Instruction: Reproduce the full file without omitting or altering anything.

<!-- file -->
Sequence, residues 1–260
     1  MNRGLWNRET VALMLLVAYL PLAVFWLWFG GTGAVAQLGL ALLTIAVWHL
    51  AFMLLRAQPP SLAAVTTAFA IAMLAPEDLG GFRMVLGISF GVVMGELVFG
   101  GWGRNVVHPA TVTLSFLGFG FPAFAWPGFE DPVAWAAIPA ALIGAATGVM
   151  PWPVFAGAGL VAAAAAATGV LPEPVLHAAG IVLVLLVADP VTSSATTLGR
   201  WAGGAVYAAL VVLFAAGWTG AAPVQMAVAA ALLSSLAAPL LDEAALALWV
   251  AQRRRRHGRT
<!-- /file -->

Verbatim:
Sequence, residues 1–260
     1  MNRGLWNRET VALMLLVAYL PLAVFWLWFG GTGAVAQLGL ALLTIAVWHL
    51  AFMLLRAQPP SLAAVTTAFA IAMLAPEDLG GFRMVLGISF GVVMGELVFG
   101  GWGRNVVHPA TVTLSFLGFG FPAFAWPGFE DPVAWAAIPA ALIGAATGVM
   151  PWPVFAGAGL VAAAAAATGV LPEPVLHAAG IVLVLLVADP VTSSATTLGR
   201  WAGGAVYAAL VVLFAAGWTG AAPVQMAVAA ALLSSLAAPL LDEAALALWV
   251  AQRRRRHGRT